“Whatever you vividly imagine,

Ardently desire,

Sincerely believe,

And enthusiastically act upon,

Must inevitably come to pass.

~Paul J. Meyer, founder of Success Motivation Institute

All successful people have developed one characteristic within themselves that virtually guarantees their success. Napoleon Hill, the author of “Think and Grow Rich”, stated that all the people included in his famous study of success, possessed this power. They had learned it somehow, somewhere, over time, in their lives. This “secret power” is the ultimate result of practicing the rest of the 13 learned characteristics that all successful people have in common. A chapter in the book is devoted to each characteristic. Published in 1933, “Think and Grow Rich” spawned the self-help industry, and is number four on the all-time leading best-seller list, behind “The Bible”, “The Joy of Cooking”, and “Harry Potter”.

The number one habit these super successful people, the Edisons, the Einsteins, Fords, the Carnegies of the world, practiced, as indicated in the title of HILL’s book, was to “think”, virtually 24 hours a day. Yes, even dreams are a form of thought and day dreams are vital to success. Dreams are an extraordinary function of the brain, our “Dream Machine”. Everyone has a brain but most allow it to lie fallow and deteriorate. The brain allows us to “see” things that do not actually exist. Shakespeare called the imagination the “minds eye”. Dreams generate ideas and ideas motivate to action.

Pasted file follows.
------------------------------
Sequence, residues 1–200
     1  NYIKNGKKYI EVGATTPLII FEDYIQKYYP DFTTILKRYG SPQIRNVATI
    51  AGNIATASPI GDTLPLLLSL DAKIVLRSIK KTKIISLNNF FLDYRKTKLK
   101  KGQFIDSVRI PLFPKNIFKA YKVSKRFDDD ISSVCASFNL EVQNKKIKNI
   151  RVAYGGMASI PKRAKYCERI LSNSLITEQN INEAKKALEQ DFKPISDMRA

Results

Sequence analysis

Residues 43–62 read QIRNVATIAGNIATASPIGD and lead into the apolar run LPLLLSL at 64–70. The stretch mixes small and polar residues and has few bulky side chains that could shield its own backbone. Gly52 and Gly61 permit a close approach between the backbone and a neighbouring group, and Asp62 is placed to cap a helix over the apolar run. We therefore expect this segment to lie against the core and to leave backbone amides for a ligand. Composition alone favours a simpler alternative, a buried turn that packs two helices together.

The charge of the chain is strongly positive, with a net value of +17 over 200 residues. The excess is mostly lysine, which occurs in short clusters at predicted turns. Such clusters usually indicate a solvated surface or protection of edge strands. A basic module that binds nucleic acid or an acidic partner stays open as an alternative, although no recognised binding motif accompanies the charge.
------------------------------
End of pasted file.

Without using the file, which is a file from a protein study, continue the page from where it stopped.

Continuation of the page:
Paul Meyer, a student of Hill’s, and one of the most successful people of whom you’ve never heard (on a level with Sir Richard Branson), combined all the characteristics into one simple little quote above. In it you see that the brain imagines the idea; the constant visualization generates desire (the fuel on which we run); absolute belief in the result creates the necessary confidence; enthusiastic action over time blasts away obstacles; and finally, PERSISTENCE , the SECRET POWER, yields, eventually, to SUCCESS..achieving the goal, whatever that goal is. The classic example of persistence in Hill’s book is the story of Edison failing over 10,000 times before discovering the secret of a successful electric light bulb.

One of the most remarkable studies in persistence comes from the world of sports, as reported in the book, “Par For The Course” by Steve Riach:

“(Professional Golfer) Mac O’Grady began trying for his tour card in 1971 and failed at Qualifying School a record 16 times before finally making it in 1982 on his 17th try. His story is a study in perseverance. During his annual attempt to become a Tour pro, O’Grady supported himself by working as a cook, a dishwasher, busboy, caddie, and funeral home worker. Persistence paid off for O’Grady, as by 1990, he had won over $1 million on the Tour.”

You must believe that you can achieve it before you will be able to generate the white-hot heat of desire necessary to buckle down and maintain for the long haul. The desire creates enthusiasm which helps blast away the obstacles… as if coming out of a sand trap.

As Napoleon Hill said,

“Whatever the mind of man (or woman) can conceive, and believe, he can achieve.”


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